50. The authorities indicated that, with the move of government bank accounts to the central bank in October 2001, they would be in a better position to assemble and analyze data on public finances. The adoption of Government Finance Statistics (GFS) definitions had been completed in November 2000 but a move to a revised GFS classification would require assistance from the Fund staff.

V. Overdue Financial Obligations and Payments to the Fund

51. Liberia has been in continuous arrears to the Fund for 17 years (since December19,1984) and has been ineligible to use the Fund’s general resources for 16 years. A declaration of noncooperation was issued almost 12 years ago. While the Fund’s timetable of remedial procedures would normally call for Board consideration of the suspension of the voting and representation rights of a member in arrears to the Fund about three months after a declaration of noncooperation, such consideration was postponed in the case of Liberia partly because of the outbreak of a seven-year civil war in late 1989 and Liberia’s efforts at postconflict recovery from 1997 onward. As of end-anuary2002, Liberia’s arrears to the Fund amounted to SDR 492 million (Appendix II), equivalent to 690 percent of quota.3 With all principal outstanding to Liberia in arrears, forthcoming obligations consist exclusively of interest and charges, projected at SDR 6.6 million per year (Appendix III).

52. As of end-2001, the direct financial costs imposed on the Fund by Liberia’s arrears included SDR 239.6 million of deferred income resulting from overdue charges, of which SDR 187.3 million had been burden shared. At the same time, overdue Trust Fund obligations that would have been available to the Poverty Reduction and Growth Facility (PRGF) Reserve Account, if repaid, amounted to SDR 30 million. Liberia’s overdue repurchase obligations, SDR 201 million as of end-2001, constitute some 23 percent of all overdue repurchases to the General Resources Account.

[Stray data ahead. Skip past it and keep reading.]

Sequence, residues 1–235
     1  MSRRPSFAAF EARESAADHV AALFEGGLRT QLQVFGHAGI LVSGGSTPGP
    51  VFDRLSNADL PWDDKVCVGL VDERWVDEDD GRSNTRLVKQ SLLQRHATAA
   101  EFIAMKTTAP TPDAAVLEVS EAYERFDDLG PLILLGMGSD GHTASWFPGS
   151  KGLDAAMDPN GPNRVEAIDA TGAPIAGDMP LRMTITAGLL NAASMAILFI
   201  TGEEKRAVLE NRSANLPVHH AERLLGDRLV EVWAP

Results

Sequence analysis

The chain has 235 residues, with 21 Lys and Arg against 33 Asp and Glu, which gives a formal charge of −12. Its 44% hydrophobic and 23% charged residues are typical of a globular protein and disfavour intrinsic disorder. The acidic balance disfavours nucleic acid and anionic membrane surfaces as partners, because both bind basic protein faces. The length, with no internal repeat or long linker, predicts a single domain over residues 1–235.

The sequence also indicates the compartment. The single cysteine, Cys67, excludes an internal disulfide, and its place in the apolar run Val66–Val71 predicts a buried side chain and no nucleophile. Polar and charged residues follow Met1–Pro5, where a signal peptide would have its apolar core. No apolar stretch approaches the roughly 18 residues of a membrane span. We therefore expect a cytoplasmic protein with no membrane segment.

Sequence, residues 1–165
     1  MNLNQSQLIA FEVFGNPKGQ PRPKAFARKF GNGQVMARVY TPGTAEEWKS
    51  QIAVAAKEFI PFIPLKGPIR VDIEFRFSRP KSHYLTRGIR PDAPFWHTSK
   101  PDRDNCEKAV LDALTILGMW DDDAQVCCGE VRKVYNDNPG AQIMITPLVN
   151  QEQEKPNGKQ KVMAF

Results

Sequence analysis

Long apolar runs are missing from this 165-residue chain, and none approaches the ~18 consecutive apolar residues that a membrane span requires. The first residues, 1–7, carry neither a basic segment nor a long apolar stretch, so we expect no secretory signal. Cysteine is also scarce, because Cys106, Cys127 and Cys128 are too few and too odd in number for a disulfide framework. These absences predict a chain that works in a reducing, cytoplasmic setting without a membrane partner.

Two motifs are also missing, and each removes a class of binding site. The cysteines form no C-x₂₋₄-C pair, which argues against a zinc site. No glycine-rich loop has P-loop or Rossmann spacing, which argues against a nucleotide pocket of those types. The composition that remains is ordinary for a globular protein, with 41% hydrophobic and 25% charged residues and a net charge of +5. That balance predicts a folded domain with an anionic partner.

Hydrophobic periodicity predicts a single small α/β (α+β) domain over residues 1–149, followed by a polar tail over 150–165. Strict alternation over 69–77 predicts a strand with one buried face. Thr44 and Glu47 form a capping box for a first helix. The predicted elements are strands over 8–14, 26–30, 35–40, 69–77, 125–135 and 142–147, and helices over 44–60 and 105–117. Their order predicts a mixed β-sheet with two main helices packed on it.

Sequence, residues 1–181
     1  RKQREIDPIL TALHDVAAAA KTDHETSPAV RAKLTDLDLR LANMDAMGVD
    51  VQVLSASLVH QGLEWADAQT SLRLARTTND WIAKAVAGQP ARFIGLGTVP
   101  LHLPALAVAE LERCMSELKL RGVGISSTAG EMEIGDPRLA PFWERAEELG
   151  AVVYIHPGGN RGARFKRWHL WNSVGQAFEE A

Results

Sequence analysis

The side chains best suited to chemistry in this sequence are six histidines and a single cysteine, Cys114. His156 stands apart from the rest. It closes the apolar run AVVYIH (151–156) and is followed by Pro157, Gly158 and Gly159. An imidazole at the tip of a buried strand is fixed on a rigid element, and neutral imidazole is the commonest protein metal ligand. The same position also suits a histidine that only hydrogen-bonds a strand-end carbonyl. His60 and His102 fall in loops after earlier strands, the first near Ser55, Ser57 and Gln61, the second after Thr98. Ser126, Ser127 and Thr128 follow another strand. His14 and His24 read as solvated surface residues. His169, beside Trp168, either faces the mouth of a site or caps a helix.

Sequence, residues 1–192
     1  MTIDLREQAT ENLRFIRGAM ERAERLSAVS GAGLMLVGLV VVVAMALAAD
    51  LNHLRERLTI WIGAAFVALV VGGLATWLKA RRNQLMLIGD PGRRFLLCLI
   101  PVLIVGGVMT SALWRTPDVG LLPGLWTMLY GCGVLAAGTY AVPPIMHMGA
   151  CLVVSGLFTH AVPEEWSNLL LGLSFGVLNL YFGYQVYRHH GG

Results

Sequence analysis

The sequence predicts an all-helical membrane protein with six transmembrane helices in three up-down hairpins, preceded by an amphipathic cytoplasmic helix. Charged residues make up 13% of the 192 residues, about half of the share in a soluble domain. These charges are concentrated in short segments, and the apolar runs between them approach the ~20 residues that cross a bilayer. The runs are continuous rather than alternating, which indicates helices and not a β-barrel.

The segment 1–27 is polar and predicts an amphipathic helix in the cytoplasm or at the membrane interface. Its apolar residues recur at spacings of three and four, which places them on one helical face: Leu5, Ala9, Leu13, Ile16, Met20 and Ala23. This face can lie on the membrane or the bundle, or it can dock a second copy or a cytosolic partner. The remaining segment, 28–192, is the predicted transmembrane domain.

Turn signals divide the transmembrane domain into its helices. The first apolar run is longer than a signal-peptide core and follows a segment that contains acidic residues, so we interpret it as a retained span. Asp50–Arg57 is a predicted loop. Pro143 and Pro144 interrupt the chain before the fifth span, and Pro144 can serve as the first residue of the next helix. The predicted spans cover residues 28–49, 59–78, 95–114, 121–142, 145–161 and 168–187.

53. Liberia’s record of payments to the Fund has been erratic. Liberia made no payments to the Fund from May 1990 to August 1994, and three payments totaling SDR 0.8 million in 1994-95. In December 1997, the authorities committed themselves to making payments to the Fund of US$50,000 per month. These payments were made in a broadly timely manner until end-2000, but delays became frequent and lengthy in 2001, with the backlog widening to five months by early August; however, payments were made to narrow the gap to two months by –year’s end. A payment received in mid-January 2002 covered Liberia’s monthly commitment through the first half of December 2001. Between December 1997 and end-January 2002, Liberia’s payments to the Fund amounted to SDR 1.8 million, equivalent to 4 percent of obligations falling due during the same period.

VI. Staff Appraisal

54. Liberia faces unprecedented economic and financial challenges. Five years after the close of the general civil conflict, there has been little or no progress in the reconstruction of electricity, telecommunications, water, ports, and other critical infrastructure. Real activity in the formal sector now rests on three main pillars: rubber, timber, and smallholder agriculture. Of these, rubber is on the precipice of an irreversible decline and, given the pressures from the international environmental movement and questions regarding the sustainability of current logging practices, the prospects for timber are uncertain. Moreover, with social services sharply curtailed, an HIV/AIDS crisis appears to be in the offing. In short, unless dramatic steps are taken to address critical problems, including normalizing relations with the international community, Liberia appears likely to suffer a long-term deterioration in economic activity.